4. Canada AlphaDEX Fund (FCAN)
One of the newest additions to First Trust’s popular AlphaDEX lineup, FCAN offers investors a different way to make a play on the Canadian equity market. The methodology behind FCAN involves a quantitative screening methodology designed to identify stocks from a specific universe that have the greatest potential for capital appreciation. But of course with the proprietary AlphaDEX methodology comes a higher price tag; FCAN is currently the most costly Canada-focused ETF, with its expense ratio of 0.80%.
5. Global X S&P/TSX Venture 30 Canada ETF (TSXV)
Another fund that puts a twist on the equity sector, TSXV offers exposure to about 30 companies traded on the TSX Venture Exchange, a Canadian stock exchange that generally includes smaller and more speculative companies. The fund primarily invests in firms engaged in the exploration and discovery of natural resources. It should be noted that this fund is more appropriate for investors looking to establish exposure to more speculative natural resource firms, making TSXV a potentially attractive option for betting on raw materials but also a potentially volatile holding [see also 25 Ways To Invest In Natural Gas].
6. MSCI Canada Currency-Hedged Equity Fund (DBCN)
This fund tracks an index that is designed to provide exposure to Canadian equity markets, while at the same time mitigating exposure to fluctuations between the value of the U.S. dollar and Canadian dollar. To achieve its objective, DBCN uses short-term forward contracts to strip out fluctuations related to relative value of currencies, essentially isolating the performance of Canadian stocks as the primary driver of performance. For those bullish on the U.S. dollar, DBCN will be a great option since the fund should outperform EWC when the U.S. currency strengthens.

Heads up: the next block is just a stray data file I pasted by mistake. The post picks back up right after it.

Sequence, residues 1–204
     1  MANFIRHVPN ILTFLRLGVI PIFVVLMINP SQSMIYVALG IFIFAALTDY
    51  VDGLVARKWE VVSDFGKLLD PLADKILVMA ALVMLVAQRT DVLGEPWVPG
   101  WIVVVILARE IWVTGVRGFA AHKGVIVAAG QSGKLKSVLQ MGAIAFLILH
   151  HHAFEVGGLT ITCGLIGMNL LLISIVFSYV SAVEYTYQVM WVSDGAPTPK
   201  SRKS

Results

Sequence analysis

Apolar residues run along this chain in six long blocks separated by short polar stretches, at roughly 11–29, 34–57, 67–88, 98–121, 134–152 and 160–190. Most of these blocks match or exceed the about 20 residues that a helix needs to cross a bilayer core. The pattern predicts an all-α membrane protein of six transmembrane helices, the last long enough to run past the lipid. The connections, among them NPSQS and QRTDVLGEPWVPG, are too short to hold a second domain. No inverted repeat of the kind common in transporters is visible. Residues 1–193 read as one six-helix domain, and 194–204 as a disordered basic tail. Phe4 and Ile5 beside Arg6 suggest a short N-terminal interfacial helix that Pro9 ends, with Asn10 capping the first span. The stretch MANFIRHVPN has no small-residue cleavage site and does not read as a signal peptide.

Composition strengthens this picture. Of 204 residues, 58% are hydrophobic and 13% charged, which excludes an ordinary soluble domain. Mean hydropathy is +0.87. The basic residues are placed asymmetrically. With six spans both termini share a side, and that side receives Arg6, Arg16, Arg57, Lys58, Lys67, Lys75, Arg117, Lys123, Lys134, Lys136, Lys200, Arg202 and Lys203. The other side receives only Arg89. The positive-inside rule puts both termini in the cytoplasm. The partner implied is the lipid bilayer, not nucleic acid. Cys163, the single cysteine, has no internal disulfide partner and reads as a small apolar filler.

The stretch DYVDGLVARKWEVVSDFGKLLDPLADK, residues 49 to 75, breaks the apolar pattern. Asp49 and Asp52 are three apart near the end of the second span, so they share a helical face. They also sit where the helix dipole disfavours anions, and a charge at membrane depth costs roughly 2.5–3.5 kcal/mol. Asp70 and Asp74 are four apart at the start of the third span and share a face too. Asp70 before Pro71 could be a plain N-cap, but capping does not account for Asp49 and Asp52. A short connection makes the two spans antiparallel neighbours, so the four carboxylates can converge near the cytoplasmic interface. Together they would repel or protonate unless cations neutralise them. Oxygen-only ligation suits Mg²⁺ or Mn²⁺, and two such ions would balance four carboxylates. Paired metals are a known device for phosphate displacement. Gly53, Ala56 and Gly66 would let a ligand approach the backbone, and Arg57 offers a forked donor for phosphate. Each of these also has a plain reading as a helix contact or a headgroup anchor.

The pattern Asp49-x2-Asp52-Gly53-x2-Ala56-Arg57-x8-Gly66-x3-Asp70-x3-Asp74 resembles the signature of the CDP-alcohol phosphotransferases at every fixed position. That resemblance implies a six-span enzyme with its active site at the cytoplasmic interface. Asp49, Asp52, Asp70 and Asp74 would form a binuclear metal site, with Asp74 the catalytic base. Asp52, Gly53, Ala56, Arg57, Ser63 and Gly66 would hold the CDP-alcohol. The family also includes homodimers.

7. Canadian Dollar Trust (FXC)
For investors looking simply to bet on the Canadian dollar relative to the U.S. currency, FXC offers a way to achieve exposure to this exchange rate. This grantor trust is currently the only option available on the market to offer CAD/USD exposure, and luckily it comes at a relatively low price tag with an expense ratio of just 40 basis points.
8. Canada Preferred ETF (CNPF)
This ETF allows investors to gain exposure to preferred stocks from Canadian issues that trade on the Toronto Stock Exchange. Preferred shares are selected based on a specific criteria relating to size, liquidity, issuer rating, maturity and other requirements. CNPF is an attractive option for those those seeking to boost yields in a portfolio or for those looking for less risky forms of equity exposure.
9. Canada Bond Index Fund (CAD)
PIMCO’s CAD is currently the only exchange-traded product that provides investors with a way to access the Canadian debt market. The fund is linked to the BofA Merrill Lynch Diversified Canada Government Bond Index, a benchmark that includes investment grade bonds denominated in Canadian dollars and issued by Canadian governments. CAD’s portfolio includes both sovereign and quasi-sovereign debt.
Follow me on Twitter @DPylypczak
Disclosure: No positions at time of writing.